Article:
4 frequently asked questions on auto insurance

In today’s world, natural disaster, terrorist attack, plane crash, etc. are all over the news. However, for the majority of the people, the chance of being directly affected by those tragedies is relatively low. On the other hand, most people are exposed to a more common risk in our daily life: a car accident. Today, I will answer some of the most frequently asked questions on auto insurance.

  1. How much auto insurance do I have to buy? In other words, what’s the minimum requirement?

    Firstly, each state has its own minimum requirement. For example, California requires a minimum coverage of $15,000/ $30,000/ $5,000, which means $15,000 for injury or death of 1 person per accident, $30,000 for injury or death of 2 or more persons per accident, and $5,000 for any property damage per accident. You could find the minimum insurance requirement for your state here.

    Secondly, if your car is financed, especially leased, the lenders usually require higher insurance coverage to protect their interest in your car.  You should be able to easily find the specific requirement on your final contract. For example, for my leased 2015 Passat, Volkswagen Credit requires a minimum of $100,000/ $300,000/ $50,000 plus collision and comprehensive coverage with a deductible not to exceed $1,000. It is a huge difference compared to the state minimum requirement mentioned above.

    Last but not the least, if you are trying to get an Umbrella Insurance Policy, which I recommend to most of my clients, the insurance company may ask you to have at least certain amount of auto insurance coverage and homeowners insurance coverage. In California, the minimum auto insurance coverage to qualify for a personal umbrella policy is usually $100,000/ $300,000/ $50,000 or even $$250,000/ $500,000/ $100,000 depending on the company.

  2. Am I covered when I drive someone else’s car? Or when a friend drives my car?

    In general, an auto insurance follows the car first and the insured second. For instance, if I have a car accident when I drive my friend’s car with his/her permission and I am at-fault, my friend’s auto insurance will be the primary insurance and will cover any liability and damage first and then my auto insurance will share some payment or even just make up the difference if any. Vice versa, if a friend of mine got into an accident while driving my car with my consent, my insurance will come in first before his/hers.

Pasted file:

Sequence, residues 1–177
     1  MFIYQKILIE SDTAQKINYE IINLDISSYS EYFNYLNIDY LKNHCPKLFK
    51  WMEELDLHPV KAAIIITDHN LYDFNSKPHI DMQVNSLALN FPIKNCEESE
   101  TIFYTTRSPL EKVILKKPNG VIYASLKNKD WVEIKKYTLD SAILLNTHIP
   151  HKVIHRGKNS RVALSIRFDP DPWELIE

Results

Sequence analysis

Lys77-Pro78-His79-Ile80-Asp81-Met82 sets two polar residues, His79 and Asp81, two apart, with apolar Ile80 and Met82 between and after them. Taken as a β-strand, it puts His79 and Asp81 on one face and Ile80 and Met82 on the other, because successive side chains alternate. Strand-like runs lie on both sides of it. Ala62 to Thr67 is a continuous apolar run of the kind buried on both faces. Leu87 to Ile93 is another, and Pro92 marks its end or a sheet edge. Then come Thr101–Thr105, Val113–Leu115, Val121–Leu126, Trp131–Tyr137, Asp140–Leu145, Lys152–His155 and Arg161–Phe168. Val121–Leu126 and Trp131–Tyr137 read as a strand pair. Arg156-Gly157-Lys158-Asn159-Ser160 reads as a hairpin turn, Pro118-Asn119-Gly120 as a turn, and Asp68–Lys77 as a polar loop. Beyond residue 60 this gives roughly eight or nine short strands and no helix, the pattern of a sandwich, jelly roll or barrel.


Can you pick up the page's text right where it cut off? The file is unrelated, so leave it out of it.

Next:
You are required by most insurance companies to add any people who live with you and have access to your car regularly as an additional insured on your policy in order to get them covered. Some insurance companies may have some specific limitations on people not listed on your policy. You should always read your policy or check with your insurance company directly.

    One caveat here, if someone else drove your car with your permission and ran into an accident, the accident will stay on your record and may make your future insurance premium increased because your auto insurance will usually be used first if anything happened.

  3. Does my auto insurance cover rental car?

    Generally, the answer is yes, but it may differ between insurance companies. If you have proper liability, collision and comprehensive coverage which I recommend everyone to have anyway, you don’t need to worry about getting additional insurance from the rental car company. The only thing you should be aware of is that your own insurance may not cover the “loss of use” or lost the income of the rental car while it is being repaired.

    In addition, some credit cards may also offer extra insurance on top of your auto insurance. What you can do is to double check with your auto insurance and your credit card company before renting a car next time.

  4. Does my auto insurance cover my personal property and pets?

    We treat our pets as family members. However, from the insurance perspective, pets are considered to be your personal property. Most insurance companies will not cover the damage to your personal properties including your pets if you are at-fault in the accident. The good news is that your homeowners or renters insurance may help you recover some losses under certain limitations. It is actually one of the four common misunderstandings people have on their homeowners insurance which I covered in a previous post. 

    Certain insurance companies like Progressive, Chubb, and Metromile may offer additional insurance up to $1,000 - $2,000 as part of their collision or comprehensive coverage for your dogs or cats regardless of who was at fault. Please check with the insurance company directly and make sure you understand all the fine print and limitations.

Some people do not think the auto insurance is necessary and just want to get the minimum coverage to save some money on the premium. In my opinion, insurance is something you hope you will never use but glad when you need it. As a financial planner, I always recommend my clients getting the right but not the cheapest coverage. 


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